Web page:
One of two things would have to happen, because the need for services that counties provide (which are both State and Federal programs) will not disappear: either the State would set up regional offices to handle all of those programs, or cities would assume the responsibilities themselves.


Both models exist on the East Coast, where most services are provided by cities or a combination of cities and states, and counties are responsible only for unincorporated areas. California is actually somewhat unique in that counties provide both State and Federal services. If counties disappeared, we'd also have to rethink California's 5,500 to 6,000 special districts.

Basically, there's just so much government in California that it's very difficult to get anything done.

Changing subjects, the County is now receiving proposals from developers to rehabilitate the 76-year old Hall of Justice at Temple & Broadway, which your office must evaluate. What is the vision here? What are the goals? And what will go into the mix of considerations that will guide the County's decision-making process re: this facility?

The principle consideration is to put that facility back into service. After the Northridge earthquake in 1994, the County closed the building due to modest structural damage. At that point, the County was at the bottom of a recession and could not afford to do anything but close it, so the Sheriff bought his own building and left.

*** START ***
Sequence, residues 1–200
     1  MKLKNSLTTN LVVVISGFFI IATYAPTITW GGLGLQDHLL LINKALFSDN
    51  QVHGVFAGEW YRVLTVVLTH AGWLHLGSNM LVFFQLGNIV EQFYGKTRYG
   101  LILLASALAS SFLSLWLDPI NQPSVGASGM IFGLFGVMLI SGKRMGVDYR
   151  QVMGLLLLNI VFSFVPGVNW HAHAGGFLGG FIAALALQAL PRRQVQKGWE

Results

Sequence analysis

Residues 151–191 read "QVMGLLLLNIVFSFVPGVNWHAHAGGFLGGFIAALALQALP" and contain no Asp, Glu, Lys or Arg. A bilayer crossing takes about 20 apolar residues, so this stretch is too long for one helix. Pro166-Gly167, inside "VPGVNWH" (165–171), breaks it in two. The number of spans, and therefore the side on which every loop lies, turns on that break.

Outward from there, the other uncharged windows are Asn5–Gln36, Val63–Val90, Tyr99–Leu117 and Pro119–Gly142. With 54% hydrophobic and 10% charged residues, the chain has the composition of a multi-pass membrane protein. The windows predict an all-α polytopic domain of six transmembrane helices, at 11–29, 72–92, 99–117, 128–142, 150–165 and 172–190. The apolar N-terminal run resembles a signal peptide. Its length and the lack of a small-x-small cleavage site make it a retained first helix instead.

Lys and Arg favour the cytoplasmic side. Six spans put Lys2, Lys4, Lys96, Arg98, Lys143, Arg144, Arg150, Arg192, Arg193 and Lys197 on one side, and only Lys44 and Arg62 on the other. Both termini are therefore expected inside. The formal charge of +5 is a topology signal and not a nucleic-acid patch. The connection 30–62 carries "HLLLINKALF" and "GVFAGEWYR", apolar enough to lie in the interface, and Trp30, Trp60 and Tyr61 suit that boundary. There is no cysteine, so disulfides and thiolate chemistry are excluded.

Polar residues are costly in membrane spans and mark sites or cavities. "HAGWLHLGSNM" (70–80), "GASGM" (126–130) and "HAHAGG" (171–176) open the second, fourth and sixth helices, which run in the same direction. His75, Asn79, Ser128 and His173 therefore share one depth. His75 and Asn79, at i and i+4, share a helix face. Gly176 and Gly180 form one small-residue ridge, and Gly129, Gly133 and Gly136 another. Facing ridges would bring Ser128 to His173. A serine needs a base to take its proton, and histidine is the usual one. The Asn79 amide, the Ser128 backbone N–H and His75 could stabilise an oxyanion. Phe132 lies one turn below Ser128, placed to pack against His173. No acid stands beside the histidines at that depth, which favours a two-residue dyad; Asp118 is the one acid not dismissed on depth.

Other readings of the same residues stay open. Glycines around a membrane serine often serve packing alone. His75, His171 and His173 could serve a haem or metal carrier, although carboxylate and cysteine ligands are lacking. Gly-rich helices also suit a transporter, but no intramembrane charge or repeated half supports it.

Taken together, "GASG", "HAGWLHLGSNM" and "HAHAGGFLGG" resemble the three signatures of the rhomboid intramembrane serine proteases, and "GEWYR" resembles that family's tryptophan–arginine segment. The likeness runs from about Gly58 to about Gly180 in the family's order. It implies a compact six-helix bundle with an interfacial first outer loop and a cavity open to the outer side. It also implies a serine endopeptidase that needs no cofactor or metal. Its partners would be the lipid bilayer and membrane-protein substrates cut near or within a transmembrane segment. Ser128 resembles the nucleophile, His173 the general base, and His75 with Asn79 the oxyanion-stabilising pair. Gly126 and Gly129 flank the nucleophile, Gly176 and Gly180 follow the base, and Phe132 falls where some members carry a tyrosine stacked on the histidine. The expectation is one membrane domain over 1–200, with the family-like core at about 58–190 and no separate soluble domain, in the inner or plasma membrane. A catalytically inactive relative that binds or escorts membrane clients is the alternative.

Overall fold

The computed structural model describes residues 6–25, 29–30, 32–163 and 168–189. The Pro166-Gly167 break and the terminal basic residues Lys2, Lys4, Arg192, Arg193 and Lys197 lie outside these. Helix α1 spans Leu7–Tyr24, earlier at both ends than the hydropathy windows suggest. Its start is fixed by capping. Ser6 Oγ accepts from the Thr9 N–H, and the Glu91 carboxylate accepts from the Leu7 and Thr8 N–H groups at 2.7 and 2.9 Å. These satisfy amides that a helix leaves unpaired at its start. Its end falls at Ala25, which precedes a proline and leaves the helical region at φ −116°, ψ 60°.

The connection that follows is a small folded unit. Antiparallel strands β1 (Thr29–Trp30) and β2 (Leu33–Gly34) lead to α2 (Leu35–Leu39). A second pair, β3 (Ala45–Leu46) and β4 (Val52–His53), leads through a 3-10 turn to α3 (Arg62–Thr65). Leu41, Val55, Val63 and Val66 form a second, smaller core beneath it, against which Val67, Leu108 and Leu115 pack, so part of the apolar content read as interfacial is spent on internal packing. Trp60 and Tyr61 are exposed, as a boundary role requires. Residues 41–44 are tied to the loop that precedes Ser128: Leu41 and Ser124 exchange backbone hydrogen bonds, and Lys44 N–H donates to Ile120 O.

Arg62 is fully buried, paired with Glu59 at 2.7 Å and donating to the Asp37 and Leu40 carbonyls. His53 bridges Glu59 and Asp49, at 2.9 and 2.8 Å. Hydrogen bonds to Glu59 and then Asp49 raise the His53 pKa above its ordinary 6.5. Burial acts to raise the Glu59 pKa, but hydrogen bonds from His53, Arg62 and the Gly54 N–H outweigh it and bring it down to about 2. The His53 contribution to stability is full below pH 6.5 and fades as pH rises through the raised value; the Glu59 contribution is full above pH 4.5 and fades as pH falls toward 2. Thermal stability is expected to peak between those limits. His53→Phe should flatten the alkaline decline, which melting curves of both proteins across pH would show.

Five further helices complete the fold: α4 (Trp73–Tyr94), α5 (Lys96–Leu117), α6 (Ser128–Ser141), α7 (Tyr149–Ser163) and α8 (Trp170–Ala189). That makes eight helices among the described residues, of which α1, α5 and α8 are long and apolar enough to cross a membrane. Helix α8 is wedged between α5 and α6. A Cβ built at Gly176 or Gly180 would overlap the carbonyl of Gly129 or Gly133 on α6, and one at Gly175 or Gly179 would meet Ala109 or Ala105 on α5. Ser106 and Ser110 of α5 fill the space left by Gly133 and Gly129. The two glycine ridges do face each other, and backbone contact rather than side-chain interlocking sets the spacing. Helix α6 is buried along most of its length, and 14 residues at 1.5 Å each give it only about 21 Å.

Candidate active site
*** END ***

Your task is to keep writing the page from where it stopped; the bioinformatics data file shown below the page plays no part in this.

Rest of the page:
Everyone agrees that the architecture is a tremendous addition to the Downtown Civic Center and needs to be resurrected. The Sheriff is very interested in moving his headquarters back into the building, and our goal is to make it revenue-neutral. To do that, we'll consolidate existing leases that we're currently paying for in order to offset the cost of rehabilitation.

Speaking of visions, how does the Gehry vision for Grand Avenue impact your operations and the County's real estate plans?

With Disney Hall, the Music Center, the Hall of Administration, the Courthouse and Parcel Q, the County has an enormous interest in what happens to Grand Avenue. With the new Cathedral, the completion of Disney Hall, MOCA, and Coburn, there is a real opportunity to transform Downtown L.A. into a vibrant cultural entity.

Like everything else, it will cost money, so the question ultimately comes down to: Where will the money come from? Conceptually, though, there are a lot of people interested in advancing a very exciting change in Downtown Los Angeles.

David, in terms of asset management, has the County moved forward since our last interview in its ability to manage its real estate assets?